Nature on Magog Down

Visitors to Magog Down will find that it is a mix of grassland, woodland and farmland, which complement each other and help to increase biodiversity across the site.

Since its inception over 30 years ago, meadows and woods have been carefully created and managed, new hedges planted and existing hedges restored, all with native species. Although Magog Down is a relatively young site, having previously been intensively farmed, these habitats increasingly support a rich diversity of wildlife, including native chalk grassland wild flowers and herbs, farmland and woodland birds, mammals and an amazing variety of insects and other invertebrates. Magog Down now has the status of County Wildlife Site (CWS) for the meadows, woodlands, hedgerows and invertebrate species found there. Many volunteers and local wildlife groups have helped to build up wildlife records to support the CWS status. Magog Down is beautiful whatever the time of year, with hilltop views, dramatic skies and the changing colours of the countryside through the seasons.

Ripe autumn berries

Grassland, Woodland and Farmland

Since the early 1990s, the vision of the Magog Trust has been to restore and conserve the chalk downland landscape, creating a haven for wildlife, which visitors can enjoy for tranquil and quiet recreation. The hilltop views from Magog Down offer visitors a glimpse into the past when centuries ago sheep grazed the Gog Magog Hills, part of an extensive open heath, abundant with many species of chalk grassland flowers that have now become rare. Learn more about the History of Magog Down

Through spring and summer, visitors can enjoy walking along grassy paths surrounded by a profusion of re-establishing native wild flowers and herbs, alive on sunny days with butterflies, day-flying moths, beetles and bugs, and accompanied by bursts of song from skylarks high above. Grassland areas are linked by woodland and hedgerows, fragrant with blossom in spring and summer and followed by colourful berries, fruits and autumnal leaves.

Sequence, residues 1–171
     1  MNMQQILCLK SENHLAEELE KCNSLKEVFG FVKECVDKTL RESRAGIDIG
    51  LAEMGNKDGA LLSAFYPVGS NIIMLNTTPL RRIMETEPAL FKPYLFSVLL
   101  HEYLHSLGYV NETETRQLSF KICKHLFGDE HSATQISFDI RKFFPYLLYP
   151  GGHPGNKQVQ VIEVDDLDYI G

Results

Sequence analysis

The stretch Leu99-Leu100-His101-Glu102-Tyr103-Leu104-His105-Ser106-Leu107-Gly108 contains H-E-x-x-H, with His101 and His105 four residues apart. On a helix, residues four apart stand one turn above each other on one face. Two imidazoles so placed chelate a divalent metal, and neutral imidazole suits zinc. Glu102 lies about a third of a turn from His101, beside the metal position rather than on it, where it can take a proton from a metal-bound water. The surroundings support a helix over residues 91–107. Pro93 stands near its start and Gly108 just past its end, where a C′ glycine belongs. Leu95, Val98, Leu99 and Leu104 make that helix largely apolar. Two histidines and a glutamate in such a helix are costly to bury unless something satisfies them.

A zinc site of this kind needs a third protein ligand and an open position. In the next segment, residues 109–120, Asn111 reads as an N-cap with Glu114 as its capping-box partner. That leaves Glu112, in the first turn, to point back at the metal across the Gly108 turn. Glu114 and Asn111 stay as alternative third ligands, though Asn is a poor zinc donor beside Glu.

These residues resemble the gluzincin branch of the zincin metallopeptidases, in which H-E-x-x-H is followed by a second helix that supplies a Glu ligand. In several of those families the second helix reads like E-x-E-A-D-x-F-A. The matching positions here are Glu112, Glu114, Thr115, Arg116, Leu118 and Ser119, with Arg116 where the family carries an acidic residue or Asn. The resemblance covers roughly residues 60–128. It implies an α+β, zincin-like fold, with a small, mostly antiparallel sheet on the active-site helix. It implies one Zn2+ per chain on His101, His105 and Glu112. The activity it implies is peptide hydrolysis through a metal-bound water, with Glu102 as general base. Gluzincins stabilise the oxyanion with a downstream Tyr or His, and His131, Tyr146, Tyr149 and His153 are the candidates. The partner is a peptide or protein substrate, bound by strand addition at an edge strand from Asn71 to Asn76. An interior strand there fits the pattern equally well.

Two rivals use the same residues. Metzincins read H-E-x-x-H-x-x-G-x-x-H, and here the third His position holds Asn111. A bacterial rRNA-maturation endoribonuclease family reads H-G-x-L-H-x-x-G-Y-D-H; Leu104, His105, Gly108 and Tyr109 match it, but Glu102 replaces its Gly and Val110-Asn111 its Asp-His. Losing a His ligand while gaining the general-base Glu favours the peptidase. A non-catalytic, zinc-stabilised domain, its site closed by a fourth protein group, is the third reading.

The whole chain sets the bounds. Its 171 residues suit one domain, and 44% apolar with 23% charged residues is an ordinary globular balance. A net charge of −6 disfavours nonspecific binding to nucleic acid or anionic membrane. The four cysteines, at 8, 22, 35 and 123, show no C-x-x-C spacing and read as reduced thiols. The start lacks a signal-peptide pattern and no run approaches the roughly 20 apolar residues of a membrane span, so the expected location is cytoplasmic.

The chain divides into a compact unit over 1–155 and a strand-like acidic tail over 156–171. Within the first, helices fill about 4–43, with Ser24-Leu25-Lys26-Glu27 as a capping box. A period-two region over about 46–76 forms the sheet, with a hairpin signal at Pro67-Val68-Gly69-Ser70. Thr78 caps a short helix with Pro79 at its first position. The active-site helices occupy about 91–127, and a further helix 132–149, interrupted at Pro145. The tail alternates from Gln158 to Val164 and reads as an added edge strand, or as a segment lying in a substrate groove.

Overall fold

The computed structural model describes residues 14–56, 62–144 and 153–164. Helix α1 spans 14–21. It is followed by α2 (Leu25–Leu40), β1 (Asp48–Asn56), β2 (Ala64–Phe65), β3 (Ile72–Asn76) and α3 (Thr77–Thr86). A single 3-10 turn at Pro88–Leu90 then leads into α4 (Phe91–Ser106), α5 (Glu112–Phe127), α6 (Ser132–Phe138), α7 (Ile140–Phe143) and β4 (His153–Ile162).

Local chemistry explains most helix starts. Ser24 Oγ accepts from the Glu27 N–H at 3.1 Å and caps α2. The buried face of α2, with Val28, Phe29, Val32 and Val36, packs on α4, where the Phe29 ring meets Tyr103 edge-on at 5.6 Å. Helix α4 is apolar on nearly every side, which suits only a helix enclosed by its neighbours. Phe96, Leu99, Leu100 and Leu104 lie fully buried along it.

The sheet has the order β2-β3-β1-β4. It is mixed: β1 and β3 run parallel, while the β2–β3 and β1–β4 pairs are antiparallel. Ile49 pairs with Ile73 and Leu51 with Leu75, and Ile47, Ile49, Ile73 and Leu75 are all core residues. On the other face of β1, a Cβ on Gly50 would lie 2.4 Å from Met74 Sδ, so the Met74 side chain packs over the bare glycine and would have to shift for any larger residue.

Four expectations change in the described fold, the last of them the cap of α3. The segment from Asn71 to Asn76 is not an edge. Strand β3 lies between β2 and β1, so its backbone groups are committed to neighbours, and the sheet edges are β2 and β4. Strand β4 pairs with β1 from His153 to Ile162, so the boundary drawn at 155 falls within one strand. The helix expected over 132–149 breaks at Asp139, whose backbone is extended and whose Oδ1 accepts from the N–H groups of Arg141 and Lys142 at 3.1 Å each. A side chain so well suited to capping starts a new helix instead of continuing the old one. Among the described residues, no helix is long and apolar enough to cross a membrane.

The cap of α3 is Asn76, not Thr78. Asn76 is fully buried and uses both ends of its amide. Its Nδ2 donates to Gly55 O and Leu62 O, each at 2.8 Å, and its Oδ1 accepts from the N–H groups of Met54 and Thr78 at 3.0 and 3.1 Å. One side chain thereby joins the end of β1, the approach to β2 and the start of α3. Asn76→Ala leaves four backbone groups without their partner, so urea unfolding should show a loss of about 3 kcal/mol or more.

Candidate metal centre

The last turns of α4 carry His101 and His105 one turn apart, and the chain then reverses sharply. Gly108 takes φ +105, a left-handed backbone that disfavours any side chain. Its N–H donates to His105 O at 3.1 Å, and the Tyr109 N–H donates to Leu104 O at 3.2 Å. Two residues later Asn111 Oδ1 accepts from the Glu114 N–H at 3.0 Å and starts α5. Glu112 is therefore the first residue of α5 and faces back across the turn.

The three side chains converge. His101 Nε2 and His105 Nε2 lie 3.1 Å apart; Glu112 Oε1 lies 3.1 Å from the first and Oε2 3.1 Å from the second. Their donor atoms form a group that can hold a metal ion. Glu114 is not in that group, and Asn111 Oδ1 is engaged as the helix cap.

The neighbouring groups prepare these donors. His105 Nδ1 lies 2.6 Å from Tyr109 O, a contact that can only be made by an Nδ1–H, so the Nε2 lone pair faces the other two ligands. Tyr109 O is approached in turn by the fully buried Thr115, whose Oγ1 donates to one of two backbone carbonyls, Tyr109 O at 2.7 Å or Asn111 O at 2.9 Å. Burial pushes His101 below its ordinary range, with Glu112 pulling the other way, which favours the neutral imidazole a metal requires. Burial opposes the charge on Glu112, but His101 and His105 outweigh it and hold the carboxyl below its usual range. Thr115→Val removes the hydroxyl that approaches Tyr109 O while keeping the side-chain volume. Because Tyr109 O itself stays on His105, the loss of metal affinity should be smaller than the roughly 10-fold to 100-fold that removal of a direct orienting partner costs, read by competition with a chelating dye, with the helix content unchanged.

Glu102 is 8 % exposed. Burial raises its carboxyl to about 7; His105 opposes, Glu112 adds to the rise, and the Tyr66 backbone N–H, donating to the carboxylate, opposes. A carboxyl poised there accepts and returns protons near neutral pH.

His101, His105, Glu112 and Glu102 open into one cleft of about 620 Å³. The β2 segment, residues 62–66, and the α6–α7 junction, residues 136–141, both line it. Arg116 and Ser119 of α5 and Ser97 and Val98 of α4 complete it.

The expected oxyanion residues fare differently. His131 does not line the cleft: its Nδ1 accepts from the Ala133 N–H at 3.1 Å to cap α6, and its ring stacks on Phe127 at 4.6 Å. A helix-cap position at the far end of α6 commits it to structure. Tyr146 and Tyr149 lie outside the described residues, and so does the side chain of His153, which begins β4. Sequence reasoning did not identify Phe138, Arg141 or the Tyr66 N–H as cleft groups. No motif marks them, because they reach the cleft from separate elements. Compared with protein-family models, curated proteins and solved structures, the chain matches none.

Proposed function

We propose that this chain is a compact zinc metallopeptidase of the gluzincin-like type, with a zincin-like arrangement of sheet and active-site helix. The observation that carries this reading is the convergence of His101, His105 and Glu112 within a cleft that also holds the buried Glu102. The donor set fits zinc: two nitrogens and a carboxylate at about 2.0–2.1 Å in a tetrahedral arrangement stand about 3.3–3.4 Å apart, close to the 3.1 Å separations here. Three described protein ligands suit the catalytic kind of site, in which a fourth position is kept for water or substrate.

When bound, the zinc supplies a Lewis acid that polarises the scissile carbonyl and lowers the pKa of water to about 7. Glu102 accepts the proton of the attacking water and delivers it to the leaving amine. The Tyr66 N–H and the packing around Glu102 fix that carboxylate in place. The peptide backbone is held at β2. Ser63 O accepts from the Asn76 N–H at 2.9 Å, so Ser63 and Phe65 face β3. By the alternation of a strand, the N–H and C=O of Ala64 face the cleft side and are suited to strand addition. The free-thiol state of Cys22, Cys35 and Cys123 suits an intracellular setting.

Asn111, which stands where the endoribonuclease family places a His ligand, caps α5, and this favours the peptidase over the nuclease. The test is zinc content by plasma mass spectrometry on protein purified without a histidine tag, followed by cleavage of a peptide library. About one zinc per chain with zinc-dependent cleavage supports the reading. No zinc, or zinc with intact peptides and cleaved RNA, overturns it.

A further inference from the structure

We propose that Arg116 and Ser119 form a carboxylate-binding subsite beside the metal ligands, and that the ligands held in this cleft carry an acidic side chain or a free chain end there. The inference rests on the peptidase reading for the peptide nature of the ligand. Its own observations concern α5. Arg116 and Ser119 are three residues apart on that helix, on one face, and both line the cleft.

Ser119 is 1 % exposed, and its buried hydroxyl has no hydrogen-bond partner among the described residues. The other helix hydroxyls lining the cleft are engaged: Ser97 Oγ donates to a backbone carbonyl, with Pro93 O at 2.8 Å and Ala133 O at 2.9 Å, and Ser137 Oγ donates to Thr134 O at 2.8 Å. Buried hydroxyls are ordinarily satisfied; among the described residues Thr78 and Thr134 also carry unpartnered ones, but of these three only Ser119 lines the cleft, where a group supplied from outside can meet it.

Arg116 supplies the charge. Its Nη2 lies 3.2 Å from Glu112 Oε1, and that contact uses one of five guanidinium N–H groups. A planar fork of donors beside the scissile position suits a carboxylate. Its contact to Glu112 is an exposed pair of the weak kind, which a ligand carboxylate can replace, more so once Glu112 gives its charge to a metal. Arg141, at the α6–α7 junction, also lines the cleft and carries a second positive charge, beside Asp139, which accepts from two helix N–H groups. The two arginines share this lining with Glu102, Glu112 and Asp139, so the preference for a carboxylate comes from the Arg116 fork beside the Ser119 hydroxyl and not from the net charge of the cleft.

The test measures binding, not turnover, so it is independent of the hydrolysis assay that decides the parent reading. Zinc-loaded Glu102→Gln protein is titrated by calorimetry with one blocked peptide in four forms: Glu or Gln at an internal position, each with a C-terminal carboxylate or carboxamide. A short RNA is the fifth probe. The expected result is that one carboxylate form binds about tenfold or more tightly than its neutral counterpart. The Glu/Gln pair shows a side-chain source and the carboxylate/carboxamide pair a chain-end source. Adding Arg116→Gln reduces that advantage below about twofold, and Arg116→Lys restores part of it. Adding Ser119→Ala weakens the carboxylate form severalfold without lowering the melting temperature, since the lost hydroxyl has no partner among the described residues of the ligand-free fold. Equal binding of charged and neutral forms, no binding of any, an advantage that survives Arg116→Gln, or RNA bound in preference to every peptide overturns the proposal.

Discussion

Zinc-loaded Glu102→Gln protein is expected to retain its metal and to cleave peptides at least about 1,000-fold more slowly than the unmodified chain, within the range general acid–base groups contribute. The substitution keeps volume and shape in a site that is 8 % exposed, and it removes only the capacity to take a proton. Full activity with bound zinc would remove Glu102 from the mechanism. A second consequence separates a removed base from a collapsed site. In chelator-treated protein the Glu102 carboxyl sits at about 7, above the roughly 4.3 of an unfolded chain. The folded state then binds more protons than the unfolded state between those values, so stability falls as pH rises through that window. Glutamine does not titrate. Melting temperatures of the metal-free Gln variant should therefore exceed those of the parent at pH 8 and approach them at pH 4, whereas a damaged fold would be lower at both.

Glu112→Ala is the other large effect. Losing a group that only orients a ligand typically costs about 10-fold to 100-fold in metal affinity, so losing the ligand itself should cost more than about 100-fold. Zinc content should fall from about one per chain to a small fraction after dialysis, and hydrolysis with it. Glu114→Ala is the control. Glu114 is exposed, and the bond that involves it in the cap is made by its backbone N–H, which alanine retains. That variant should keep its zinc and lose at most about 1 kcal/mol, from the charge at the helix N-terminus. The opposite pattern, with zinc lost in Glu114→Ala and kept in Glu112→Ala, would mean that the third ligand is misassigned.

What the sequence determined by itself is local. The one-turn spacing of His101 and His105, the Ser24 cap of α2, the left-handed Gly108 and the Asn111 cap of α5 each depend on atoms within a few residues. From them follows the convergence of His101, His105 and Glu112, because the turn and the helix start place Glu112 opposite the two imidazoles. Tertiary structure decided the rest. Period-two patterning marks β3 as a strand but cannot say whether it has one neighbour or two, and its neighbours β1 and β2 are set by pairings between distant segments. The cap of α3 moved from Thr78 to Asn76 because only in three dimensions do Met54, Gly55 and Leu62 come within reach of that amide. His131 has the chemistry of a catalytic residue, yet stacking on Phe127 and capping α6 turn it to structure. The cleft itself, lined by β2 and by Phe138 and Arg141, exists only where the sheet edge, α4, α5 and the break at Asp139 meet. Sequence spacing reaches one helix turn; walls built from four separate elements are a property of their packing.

In addition to the woodland and wild flower meadows, a significant part of the site (around 65%) is still used for agriculture split between arable crops and sheep paddocks. This is done to provide income, to help the development of chalkland flora and to provide interest for visitors.

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View across South Down with sheep in the foreground and a tractor ploughing in the field beyond
Small Copper butterfly

Butterflies on the Down

Over time, Magog Down has become home to a wide range of butterflies, which have established themselves by natural means; that is resident species which are common in the surrounding area have moved onto the Down. The availability of good quality chalk grassland, hedgerows and woodland shrub margins all provide habitats which encourage the growth of many butterfly populations. In addition, Magog Down hosts a variety of moths and other insects.

Pyramidal Orchid in the meadows

Wild flowers on Magog Down

Chalk grassland habitats are rich with herbs, grasses and meadow flowers which are adapted to shallow, well-drained alkaline soil with low fertility. Since the meadows were created on previously farmed fields, many chalk grassland flowers in addition to those sown have been recolonising naturally, including herbs such as Wild Marjoram (Origanum vulgare) and Wild Basil (Clinopodium vulgare), and orchids such as the Pyramidal Orchid (Anacamptis pyramidalis) and Bee Orchid (Ophrys apifera). Nowadays, the Down is home to an extensive and increasing number of wild flower species; for many of these we have detailed descriptions and images that visitors can browse.

Jay on the ground

Birds on Magog Down

As a result of ongoing management of woodlands and meadows across the site, a wide range of birds can be seen and heard across Magog Down throughout the year. As well as species which are resident all year, the Down sees a variety of winter and summer migrants. Many of these birds are of conservation concern, with populations in decline. The different habitats provide shelter, nesting sites and winter and summer foraging areas for food supplies, such as insects and seeds or fruits and berries. The Magog Trust also arranges for an area between the woodland and the edge of the arable crop to be sown with an annual bird seed mix. This provides extra winter foraging areas for farmland birds. The summer flowers are also a valuable nectar source for insects, increasing biodiversity and providing a summer food source for birds and other wildlife. Bird surveys have been carried out regularly and more than 60 species have been recorded over the years. At present, almost 30 species breed regularly here.